On a typical morning of a long hike, I used a lot of “lead time” with my breakfast insulin dose. I tried to allow half an hour to an hour of time between dosing and eating. This helped me avoid a drastic blood sugar spike after I ate my relatively high-carb breakfast of oats, banana, and peanut butter. However, when I know I’m going to be active all day, my breakfast dose can be much lower than usual. I typically only gave myself 50-70% of the insulin that is recommended by my pump presets.

I also drank a full 32 ounces of water first thing when I woke up. Along with packing up our campsite and some stretching, this was a good way to fill the time between my morning insulin dose and breakfast. Dehydration can actually cause blood sugar levels to rise, so staying as hydrated as possible throughout the day was crucial for feeling my best in such hot temperatures and keeping my blood sugar numbers in range. On especially hot days I dissolved a Nuun tablet in my water bottle (2g carbs each) to add some electrolytes, without drinking too much extra sugar.

When you are hiking for many hours at a time, you generally need less insulin. This is because exercise makes you more insulin sensitive. Because I was using an insulin pump, temp basal settings were helpful for managing this. If I saw my CGM numbers dropping below my ideal range, I’d start a basal decrease of 50-100% for an hour at a time depending on what was happening, and continue to monitor the trend. Keeping nuts and dried fruit easily accessible was also a good way to correct falling levels if the temp basal wasn’t acting quickly enough. My friends and I stopped every few hours to snack on things like hummus, carrots, and multigrain crackers. If I had a more severe low blood sugar, I ate two cubes of Clif Shot Bloks (16g of carbs). I liked using these because they work extremely quickly, the packaging is compact, and they are available in many good flavors.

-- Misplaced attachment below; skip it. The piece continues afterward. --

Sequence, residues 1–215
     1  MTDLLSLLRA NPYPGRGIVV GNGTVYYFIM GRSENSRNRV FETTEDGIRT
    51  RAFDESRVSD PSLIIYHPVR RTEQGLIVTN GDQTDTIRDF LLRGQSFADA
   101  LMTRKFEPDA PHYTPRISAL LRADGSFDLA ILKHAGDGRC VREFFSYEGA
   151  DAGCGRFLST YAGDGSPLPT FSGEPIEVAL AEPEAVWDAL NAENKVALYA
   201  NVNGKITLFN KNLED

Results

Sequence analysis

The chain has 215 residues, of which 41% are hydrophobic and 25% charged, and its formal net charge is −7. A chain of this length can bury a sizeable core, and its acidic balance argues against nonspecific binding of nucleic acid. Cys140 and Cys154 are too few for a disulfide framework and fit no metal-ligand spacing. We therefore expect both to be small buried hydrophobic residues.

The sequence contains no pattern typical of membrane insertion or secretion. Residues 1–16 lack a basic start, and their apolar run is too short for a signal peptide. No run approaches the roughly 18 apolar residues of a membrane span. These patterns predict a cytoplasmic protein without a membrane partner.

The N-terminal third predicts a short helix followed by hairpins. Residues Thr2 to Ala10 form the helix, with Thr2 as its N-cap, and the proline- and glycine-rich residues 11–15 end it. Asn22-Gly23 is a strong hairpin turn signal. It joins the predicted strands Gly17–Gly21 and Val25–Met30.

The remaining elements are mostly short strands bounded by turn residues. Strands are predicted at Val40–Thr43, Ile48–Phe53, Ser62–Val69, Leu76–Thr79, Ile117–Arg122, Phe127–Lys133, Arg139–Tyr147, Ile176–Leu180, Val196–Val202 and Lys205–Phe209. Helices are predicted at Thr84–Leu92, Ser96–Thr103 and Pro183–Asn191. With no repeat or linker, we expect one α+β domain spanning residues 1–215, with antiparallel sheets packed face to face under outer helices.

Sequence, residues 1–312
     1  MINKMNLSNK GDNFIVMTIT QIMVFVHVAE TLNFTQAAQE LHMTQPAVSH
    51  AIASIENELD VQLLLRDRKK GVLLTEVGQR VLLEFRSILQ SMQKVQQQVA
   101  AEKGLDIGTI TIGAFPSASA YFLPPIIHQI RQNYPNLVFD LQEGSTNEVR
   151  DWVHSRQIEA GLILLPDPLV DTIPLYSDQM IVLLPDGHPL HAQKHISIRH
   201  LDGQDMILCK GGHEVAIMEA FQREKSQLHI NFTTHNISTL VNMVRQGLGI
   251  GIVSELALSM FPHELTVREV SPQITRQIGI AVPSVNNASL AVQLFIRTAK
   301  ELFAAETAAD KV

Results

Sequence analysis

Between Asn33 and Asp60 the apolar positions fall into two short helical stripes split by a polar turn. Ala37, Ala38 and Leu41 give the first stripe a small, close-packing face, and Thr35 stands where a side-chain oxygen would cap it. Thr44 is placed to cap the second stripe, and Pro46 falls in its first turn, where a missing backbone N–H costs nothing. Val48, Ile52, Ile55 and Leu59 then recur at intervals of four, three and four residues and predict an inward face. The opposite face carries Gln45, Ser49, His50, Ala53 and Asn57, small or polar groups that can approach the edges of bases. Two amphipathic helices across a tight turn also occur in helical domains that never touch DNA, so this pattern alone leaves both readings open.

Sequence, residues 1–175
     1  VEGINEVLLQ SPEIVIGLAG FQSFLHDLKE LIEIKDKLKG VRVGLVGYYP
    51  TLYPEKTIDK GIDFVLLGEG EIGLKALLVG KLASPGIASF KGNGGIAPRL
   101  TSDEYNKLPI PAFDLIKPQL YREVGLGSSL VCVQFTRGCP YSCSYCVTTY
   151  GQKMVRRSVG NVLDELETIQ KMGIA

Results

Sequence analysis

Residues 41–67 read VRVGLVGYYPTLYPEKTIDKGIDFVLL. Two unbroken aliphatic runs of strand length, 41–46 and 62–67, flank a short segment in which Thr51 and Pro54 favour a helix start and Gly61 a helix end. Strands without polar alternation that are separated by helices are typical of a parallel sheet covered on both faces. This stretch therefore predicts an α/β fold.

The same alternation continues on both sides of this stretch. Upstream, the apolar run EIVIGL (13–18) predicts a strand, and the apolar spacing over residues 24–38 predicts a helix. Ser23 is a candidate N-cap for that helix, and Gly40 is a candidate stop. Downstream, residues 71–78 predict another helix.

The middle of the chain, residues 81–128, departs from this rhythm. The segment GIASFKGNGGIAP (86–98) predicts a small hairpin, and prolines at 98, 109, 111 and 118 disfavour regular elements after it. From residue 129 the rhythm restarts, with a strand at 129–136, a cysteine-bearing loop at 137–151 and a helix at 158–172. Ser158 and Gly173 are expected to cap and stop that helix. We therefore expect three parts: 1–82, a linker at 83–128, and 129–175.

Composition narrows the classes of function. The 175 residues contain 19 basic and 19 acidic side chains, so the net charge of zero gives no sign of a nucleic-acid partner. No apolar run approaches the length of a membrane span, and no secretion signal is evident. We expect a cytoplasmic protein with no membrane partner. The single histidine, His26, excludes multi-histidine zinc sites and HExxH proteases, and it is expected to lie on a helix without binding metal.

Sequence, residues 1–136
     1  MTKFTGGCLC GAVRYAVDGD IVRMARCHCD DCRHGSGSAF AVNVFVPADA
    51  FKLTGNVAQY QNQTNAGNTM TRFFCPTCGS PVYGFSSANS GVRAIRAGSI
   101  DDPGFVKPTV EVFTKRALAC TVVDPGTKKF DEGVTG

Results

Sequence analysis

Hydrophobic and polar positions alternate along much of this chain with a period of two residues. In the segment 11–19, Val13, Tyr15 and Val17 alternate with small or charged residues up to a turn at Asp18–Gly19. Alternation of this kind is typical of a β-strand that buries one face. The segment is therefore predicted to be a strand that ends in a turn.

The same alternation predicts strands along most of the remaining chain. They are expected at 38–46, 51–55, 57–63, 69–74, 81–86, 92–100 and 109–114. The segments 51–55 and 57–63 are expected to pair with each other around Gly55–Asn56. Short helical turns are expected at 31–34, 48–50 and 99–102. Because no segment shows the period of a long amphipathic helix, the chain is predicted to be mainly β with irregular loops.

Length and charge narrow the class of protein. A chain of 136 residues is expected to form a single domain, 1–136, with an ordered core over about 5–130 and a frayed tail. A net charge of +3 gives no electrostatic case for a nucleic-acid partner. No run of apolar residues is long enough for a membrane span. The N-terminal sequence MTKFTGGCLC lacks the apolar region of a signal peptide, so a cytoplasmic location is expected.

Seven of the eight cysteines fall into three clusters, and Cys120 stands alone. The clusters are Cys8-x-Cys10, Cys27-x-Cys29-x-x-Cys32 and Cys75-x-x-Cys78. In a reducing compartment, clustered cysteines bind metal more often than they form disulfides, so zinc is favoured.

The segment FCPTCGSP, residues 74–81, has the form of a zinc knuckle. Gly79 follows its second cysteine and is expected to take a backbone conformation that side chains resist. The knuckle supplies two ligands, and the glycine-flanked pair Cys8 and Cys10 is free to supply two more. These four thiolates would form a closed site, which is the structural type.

A few more safety measures

Overnight, I kept my phone in my sleeping bag. This let me feel any CGM vibration alerts and also keep my phone warm, helping to preserve the battery as temperatures dropped to as low as 40 degrees. I kept a package of Shot Bloks nearby and easy to find in case my blood sugar dropped unexpectedly in the middle of the night. I also kept my phone on airplane mode to maximize phone battery life during the trip so I could continue receiving CGM alerts. I definitely took lots of photos, but I made sure all other apps other than Dexcom weren’t running in the background.

While I feel very comfortable managing my type one diabetes alone, it was important that the people backpacking with me understood the basics of diabetes and what to do in the event of an emergency low blood sugar. Before we left, I showed my friends how to use my glucagon kit and where I keep it in my pack. I answered any questions they had and assured them that this scenario was unlikely. I also told them we might need to take short breaks during the day if my blood sugar was severely out of range, but that I didn’t expect anything too out of the ordinary to happen.

Although taking on outdoor adventuring with diabetes can feel daunting, it is actually very doable and rewarding. I came away from this program feeling a renewed confidence in my ability to take care of myself anywhere life might lead me. With the right tools and planning, anyone with diabetes can feel just as assured in their ability to manage blood sugar levels in the wilderness as they do in everyday life. If you have diabetes, don’t let anyone tell you that traveling remotely outdoors isn’t possible! By working with your diabetes care team, you can create a comprehensive plan to travel outdoors while having an incredibly fun and safe experience, too.

This article is part of a series on time in range. The diaTribe Foundation, in concert with the Time in Range Coalition, is committed to helping people with diabetes and their caregivers understand time in range to maximize patients' health. Learn more about the Time in Range Coalition here.